What would you buy with $ 7,500?
A first class ticket and a week long stay in Fiji? A new pair of shoes … or several? A bunch of high-end massages?
That’s how much you’ll need to spend in the first three months to earn the sign-up rewards on the revamped Citi Prestige card announced this week.
Charging $ 7,500 in three months will get you 75,000 sign-up points and a doubling in redemption value of points to cash. And according to the offering, the big “score” is a fourth night free at hotels through a streamlined online process.
“Depending on how often you travel and how nice the hotels are where you stay, that could be a fortune over the course of a year,” says Matt Schulz, senior industry analyst at CreditCards.com.
The upgraded benefits are also accompanied by a new, metal card.
While the perks are good, they certainly don’t come cheap.
“Simply put, that minimum spending threshold is really, really high,” says Schulz. “The vast majority of Americans — even many folks who regularly chase after credit card rewards — couldn’t spend $ 7,500 on a credit card in three months without some risk.”
Typically, says Schulz, you have to spend $ 4,000 or $ 5,000 to get the sign-up bonus on a high-end credit card. The previous version of this Citi card, for example, offered 40,000 points for $ 4,000 spent in three months. That’s doable for the upscale consumers these cards are targeting, but can be a bit of stretch for many others.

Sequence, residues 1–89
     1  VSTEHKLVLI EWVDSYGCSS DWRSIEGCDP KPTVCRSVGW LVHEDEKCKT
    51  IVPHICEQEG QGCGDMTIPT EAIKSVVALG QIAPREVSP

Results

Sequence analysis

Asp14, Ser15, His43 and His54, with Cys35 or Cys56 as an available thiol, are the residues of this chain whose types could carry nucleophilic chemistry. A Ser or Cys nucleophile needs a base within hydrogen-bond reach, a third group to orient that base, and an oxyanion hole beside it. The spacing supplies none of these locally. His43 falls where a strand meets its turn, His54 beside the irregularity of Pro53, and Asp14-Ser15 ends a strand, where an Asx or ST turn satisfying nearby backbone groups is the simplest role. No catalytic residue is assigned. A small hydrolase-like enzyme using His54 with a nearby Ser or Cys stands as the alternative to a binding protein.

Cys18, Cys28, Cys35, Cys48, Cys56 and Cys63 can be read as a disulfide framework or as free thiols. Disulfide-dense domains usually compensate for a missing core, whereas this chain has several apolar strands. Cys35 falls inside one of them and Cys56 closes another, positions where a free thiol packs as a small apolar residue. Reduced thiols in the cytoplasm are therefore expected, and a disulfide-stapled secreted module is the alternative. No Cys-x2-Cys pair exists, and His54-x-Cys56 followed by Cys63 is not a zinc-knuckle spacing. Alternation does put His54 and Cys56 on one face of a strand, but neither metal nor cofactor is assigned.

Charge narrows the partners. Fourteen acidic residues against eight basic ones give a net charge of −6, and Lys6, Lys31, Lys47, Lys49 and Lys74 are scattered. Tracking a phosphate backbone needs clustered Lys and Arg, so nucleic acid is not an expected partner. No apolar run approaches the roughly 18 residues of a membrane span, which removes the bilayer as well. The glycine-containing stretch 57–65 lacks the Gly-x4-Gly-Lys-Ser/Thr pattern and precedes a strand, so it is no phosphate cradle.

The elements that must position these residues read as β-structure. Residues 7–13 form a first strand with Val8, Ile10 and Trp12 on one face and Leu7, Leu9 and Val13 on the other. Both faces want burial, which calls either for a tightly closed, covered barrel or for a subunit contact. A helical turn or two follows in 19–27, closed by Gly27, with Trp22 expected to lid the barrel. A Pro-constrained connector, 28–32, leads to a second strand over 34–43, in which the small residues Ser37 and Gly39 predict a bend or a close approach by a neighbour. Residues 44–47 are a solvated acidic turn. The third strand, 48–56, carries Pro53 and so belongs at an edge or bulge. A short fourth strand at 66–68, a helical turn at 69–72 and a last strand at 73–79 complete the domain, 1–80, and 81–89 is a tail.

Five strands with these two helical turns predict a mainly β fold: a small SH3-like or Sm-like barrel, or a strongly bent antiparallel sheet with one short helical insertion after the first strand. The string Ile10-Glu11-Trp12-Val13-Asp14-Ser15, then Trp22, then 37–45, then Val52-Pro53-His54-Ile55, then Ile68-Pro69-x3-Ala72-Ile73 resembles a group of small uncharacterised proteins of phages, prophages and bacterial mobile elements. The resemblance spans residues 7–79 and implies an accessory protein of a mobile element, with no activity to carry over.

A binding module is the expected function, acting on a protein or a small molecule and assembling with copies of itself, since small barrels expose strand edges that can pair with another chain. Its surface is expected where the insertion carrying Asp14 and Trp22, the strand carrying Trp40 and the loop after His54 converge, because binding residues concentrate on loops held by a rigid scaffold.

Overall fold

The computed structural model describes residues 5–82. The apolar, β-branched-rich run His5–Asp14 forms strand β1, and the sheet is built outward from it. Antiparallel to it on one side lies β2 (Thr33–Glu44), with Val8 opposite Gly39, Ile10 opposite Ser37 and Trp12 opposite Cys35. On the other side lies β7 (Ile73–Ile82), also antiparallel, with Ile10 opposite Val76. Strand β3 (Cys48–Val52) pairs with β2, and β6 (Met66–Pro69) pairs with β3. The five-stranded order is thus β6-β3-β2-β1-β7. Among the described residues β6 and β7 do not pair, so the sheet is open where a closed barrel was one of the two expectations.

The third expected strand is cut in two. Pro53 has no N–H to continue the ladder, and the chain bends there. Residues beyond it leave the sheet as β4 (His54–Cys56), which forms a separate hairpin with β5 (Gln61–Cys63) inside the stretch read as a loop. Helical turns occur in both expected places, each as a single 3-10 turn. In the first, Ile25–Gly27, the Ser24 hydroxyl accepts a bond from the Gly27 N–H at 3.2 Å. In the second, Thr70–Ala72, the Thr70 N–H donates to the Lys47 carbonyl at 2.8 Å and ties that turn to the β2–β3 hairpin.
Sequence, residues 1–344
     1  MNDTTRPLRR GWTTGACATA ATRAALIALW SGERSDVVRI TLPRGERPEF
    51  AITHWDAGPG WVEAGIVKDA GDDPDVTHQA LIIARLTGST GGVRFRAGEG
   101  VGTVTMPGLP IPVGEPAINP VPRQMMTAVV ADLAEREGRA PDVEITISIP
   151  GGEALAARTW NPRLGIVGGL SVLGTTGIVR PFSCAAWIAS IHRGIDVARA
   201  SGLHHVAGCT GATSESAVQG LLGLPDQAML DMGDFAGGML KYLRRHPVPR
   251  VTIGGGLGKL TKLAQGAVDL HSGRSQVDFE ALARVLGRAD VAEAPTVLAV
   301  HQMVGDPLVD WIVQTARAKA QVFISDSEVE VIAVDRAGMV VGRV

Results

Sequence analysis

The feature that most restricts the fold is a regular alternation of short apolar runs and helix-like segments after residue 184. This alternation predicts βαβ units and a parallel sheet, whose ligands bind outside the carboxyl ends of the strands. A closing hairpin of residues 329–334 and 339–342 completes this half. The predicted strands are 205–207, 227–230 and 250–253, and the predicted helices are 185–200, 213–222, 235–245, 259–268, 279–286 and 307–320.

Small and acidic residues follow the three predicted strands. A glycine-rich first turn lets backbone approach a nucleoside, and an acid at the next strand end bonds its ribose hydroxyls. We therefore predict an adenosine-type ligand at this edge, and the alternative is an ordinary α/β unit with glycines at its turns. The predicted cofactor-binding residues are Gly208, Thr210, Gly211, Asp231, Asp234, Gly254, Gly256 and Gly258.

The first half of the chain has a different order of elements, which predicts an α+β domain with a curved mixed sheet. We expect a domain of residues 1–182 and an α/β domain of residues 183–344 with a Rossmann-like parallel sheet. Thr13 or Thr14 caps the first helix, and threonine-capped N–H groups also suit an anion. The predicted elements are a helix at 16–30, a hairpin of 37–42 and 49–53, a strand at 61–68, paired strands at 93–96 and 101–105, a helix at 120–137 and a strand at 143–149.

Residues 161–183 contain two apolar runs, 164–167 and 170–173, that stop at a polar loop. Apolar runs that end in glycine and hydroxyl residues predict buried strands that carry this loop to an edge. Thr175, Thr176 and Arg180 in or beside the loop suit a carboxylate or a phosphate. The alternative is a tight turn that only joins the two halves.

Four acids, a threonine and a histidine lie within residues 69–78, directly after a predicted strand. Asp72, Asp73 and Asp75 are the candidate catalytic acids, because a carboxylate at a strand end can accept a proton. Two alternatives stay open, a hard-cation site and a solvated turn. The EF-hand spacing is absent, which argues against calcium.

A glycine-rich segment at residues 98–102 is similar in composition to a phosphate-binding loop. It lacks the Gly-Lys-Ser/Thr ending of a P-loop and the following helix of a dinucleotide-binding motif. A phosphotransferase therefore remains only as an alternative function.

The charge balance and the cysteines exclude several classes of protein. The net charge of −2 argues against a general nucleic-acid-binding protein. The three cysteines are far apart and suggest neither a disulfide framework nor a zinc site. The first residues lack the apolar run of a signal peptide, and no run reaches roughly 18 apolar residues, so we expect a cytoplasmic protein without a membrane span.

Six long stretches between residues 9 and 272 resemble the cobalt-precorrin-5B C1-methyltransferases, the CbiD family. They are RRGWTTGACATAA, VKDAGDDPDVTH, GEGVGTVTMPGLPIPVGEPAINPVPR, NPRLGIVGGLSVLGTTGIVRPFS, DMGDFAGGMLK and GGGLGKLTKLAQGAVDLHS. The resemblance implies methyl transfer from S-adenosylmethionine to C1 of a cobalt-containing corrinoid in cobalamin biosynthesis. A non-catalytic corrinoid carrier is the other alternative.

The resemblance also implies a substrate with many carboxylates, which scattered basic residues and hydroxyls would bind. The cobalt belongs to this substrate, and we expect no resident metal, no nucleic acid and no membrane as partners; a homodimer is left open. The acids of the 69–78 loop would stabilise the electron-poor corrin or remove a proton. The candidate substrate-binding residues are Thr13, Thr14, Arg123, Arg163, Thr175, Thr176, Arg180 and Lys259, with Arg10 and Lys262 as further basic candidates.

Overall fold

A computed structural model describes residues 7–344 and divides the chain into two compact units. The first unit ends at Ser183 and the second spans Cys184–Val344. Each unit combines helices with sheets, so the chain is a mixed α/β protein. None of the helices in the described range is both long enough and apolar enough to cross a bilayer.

“The Citi Prestige’s $ 7,500 minimum spend makes this sign-up bonus out of reach for all but the highest of high-end cardholders.”
Oh, and the card also charges a $ 450 annual fee.
But, according to Citi, there’s a market for this kind of card.
A vast majority of households with incomes of $ 150,000 or greater that have rewards cards, use rewards points to cover all or part of their personal travel, according to Citi’s own research.
But most Millennials seem to be putting their money elsewhere.
Young people’s spending is largely devoted to groceries, dining out, gas and cellphone service, according to a new Bankrate study. This group of people spend $ 2,300 more per year on those categories, on average, than older generations do.
As a group, young people spend less on travel and television than other generations.
“[Citi] is clearly targeting a subset of upscale Millennials that these banks want to do business with in decades to come,” says Schulz.
Assuming they aren’t deep in credit card debt.
“No one should ever overspend just to get credit card rewards, no matter how lucrative those rewards might be,” says Schulz. “It’s just asking for trouble.”
For most people, a cash back card — that pays you back when you’re buying groceries, filling up with gas or having a dinner out with friends — is the better way to go, says Schulz.
The good thing about most of these cards, is that they have no annual fee. “Use it once for a big purchase, get the sign-up bonus, pay it off, then throw it in a drawer,” Schulz said.
Be sure to leave the account open to help your credit. “That’s the way to use a card every once in a while to great effect.”